A few miles from the airport, my girl became increasingly quiet and by the time we reached Pearland, she was feeling very poorly.

I felt her forehead and she was burning up. Because I’ve always let fevers do their thing (kill the bad guys) unless they get too high, I didn’t give her any Tylenol or Advil. By the time we got home, she was running between 101 and 102 temp. It was shocking because she had been blowing and going with her friend for five days without any sign of impending illness. When her temp went up to 102.3, I gave her some Tylenol to control it through the night, and we headed to the Altus Emergency Center the next morning since it was Sunday. They checked for flu and strep which were negative, said it was viral and to use Tylenol and Advil to control the fever and make her comfortable. So we did.

For two days we followed their advice, but every time the medicine wore off her temperature would go back up. On Tuesday night it went up to 104.3, scaring us pretty badly. The Tall One advised a cool bath in addition to the Tylenol/Advil regimen, and so after conferring with my sister, The Nurse, who agreed, we convinced the College Girl to put on her swimsuit and take a “swim” in the tub. She hated us for making her get in that cool water because it was so uncomfortable, but it brought her temperature down until we could see the real doctor the next morning.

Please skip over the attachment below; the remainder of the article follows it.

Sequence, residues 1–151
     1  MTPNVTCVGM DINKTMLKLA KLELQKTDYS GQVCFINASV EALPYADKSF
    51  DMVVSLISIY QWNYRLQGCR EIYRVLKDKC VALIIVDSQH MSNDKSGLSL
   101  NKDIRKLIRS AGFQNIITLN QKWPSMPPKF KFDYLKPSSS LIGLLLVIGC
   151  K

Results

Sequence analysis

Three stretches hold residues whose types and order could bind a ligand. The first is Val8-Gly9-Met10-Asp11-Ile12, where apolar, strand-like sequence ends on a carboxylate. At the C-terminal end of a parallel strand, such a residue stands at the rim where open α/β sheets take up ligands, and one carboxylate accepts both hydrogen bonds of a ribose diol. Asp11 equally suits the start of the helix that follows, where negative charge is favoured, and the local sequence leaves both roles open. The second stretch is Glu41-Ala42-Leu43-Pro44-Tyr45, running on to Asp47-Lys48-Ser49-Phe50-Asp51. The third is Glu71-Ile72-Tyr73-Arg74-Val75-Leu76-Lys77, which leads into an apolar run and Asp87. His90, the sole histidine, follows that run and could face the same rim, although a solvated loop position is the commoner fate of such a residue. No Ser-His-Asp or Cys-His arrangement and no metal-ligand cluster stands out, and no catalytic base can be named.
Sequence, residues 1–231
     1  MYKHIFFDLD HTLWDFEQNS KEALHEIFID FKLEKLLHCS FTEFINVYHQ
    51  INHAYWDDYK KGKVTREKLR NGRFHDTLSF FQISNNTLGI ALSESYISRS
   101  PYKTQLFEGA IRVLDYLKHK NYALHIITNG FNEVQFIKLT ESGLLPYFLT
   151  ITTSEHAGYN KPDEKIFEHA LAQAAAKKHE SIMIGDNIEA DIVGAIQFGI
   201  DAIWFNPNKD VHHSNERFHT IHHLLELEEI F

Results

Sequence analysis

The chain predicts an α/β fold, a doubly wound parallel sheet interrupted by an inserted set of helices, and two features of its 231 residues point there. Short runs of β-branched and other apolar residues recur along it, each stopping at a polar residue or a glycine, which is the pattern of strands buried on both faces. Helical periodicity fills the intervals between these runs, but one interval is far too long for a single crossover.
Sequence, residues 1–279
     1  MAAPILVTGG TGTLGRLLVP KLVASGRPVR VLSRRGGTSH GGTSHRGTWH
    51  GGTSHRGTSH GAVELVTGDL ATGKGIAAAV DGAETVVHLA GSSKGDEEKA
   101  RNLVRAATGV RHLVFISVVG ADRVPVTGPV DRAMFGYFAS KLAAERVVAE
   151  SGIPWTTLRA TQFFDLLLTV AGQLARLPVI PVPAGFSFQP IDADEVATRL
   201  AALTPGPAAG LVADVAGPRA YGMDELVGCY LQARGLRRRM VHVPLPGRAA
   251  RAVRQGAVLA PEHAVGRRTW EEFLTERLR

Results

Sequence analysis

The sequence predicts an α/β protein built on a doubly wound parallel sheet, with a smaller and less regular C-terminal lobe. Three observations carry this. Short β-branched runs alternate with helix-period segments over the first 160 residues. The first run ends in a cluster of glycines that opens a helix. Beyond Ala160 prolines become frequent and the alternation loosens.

Thank goodness we went — after blood work and chest x-rays, we learned she had pneumonia in half her right lung. The doctor prescribed TWO antibiotics, and within twenty-four hours she was running a normal temperature again without any Tylenol or Advil. She was exhausted, though, and not in any shape to take care of last-minute shopping or move to THE Apartment.

What in the world did we do before smartphones? While she rested at home, I ran errands to find the last few things she needed. I probably took at least a dozen or more photos of things, sending them to her in text messages: “Do you want the purple or the blue toothbrush holder?” “Is this shower curtain okay?” “Do you need a butter dish?” Thankfully I managed to get everything she needed before my phone battery died!

Because she was still feeling pretty rough on Move-In Day (August 19th), College Dad, the Tall One, and I took her furniture up to THE Apartment. I am SO GLAD she was not with us, because I would hate for what we found to be her first impression of her first apartment. We walked into THE Apartment and almost gagged. The previous resident had apparently had cats… and based on the smell, no litter box. It was just terrible. Considering the residents of this two bedroom apartment are paying a combined total of almost $2,000 monthly, there was no way we were going to allow our daughter (or these other young women) live in that filth. After filling out the condition sheet with “filthy,” “filthy,” “filthy,” “broken,” “broken,” “filthy” — I marched down to the laundry building to turn the sheet in and get the College Girl’s gate key. But I did not just hand the sheet in and take the key. When I walked up to the table and the bright-eyed, bushy-tailed student helping out asked if she could assist me, I said “Yes. You can send someone to THE Apartment to see the cesspool you expect these young women to live in.” She looked a little startled and then directed me to the woman sitting next to her, who apparently had some authority.